If you're of a certain age, you might remember Palisades Amusement Park, the entertainment complex that once stood high above the shores of the Hudson River in Cliffside Park and Fort Lee. Between the rides, the pool and the entertainment, it was a big draw for families in the New York metropolitan area until it closed in 1971. Real estate values, it seems, trumped the need for nearby fun, and besides, the host towns appear to have grown weary of the crowds overtaking the park. Municipal officials had hastened the closure by rezoning the property for high-density housing.
Palisades, however, wasn't the first big attraction on the Hudson Cliffs. The Eldorado Amusement Park in Weehawken was a haven for pleasure-seeking visitors starting in 1891, offering a more refined experience. I stumbled upon the story while wandering Boulevard East in search of the site of the Alexander Hamilton-Aaron Burr duel.
Eldorado spanned from the cliffs of the Palisades west to current day Highwood Avenue, bordered by Liberty Place on the North and Duer Place on the South. It lacked the rollercoasters and other rides of more pedestrian parks of the day, preferring to offer more impressive attractions, if the superlative reports of the day are to be believed. Civic leaders, incorporated as the Palisades Amusement and Exhibition Company, built a Moorish themed casino, amphitheater and cliffside castle surrounded by beautifully landscaped gardens. Hungarian impresario Bolossy Kiralfy staged massive shows with casts as large as 1000 performers in the huge music pavilion. A 30 foot fountain on site was said to be the tallest and most expensive structure of its kind in America.
New Yorkers had long been ferrying across the river to flee the hot city summers, and they came to Eldorado in droves. Then, as today, visitors on the shores of the Hudson are greeted by the sight of the massive Palisades, and roads at the time weren't as helpful as they are now in making one's way to the top. An ingenious elevator and train system brought them from ferry slips at the river bank to the park 150 feet above. The marvel was featured in an 1891 issue of Scientific American, sounding very much like a steroid-fed version of the trams we see at amusement parks today.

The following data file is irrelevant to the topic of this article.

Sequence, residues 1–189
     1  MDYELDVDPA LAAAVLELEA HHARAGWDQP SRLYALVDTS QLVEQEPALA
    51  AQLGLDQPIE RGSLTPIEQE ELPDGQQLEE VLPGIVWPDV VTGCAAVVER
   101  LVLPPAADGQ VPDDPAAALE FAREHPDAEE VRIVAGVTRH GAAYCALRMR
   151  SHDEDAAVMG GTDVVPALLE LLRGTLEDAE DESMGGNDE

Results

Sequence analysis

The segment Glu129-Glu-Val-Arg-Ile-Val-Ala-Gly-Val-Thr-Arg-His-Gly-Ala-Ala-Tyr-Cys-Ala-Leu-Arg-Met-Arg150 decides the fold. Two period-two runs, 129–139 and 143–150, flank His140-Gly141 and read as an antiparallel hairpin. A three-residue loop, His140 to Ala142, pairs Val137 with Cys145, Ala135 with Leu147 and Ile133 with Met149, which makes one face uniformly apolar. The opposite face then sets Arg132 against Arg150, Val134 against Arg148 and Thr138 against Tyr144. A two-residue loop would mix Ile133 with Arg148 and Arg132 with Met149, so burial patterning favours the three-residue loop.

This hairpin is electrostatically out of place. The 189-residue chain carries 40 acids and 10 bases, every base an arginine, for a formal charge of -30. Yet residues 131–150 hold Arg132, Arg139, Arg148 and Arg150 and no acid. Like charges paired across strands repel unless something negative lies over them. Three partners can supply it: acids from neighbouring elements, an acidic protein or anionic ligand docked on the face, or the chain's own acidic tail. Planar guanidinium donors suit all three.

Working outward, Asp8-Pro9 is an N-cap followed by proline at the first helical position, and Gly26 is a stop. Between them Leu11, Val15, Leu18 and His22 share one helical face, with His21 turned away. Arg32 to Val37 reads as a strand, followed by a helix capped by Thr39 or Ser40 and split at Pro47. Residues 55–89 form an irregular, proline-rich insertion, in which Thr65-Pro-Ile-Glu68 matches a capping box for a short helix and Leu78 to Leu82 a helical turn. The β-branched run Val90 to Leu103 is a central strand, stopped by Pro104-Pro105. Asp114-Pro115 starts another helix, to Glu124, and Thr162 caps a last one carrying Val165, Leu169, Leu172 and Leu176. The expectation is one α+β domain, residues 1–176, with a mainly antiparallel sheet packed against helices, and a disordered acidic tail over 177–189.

Information on the park is a bit sketchy, but it seems that a large fire at the casino building in 1898 was the beginning of the end for the Eldorado. Its owners demolished the remaining buildings and sold the property as lots for an exclusive residential subdivision. Proximity to Manhattan was a huge selling point, but fortunately high-rises weren't yet in vogue. Though packed somewhat tightly by suburban standards, the houses that were built on the lots have plenty of character.
Today, the only signs of Eldorado in Weehawken are a historic marker on Boulevard East, and an Eldorado Place. Much like the lost city of gold, it's as if it never existed.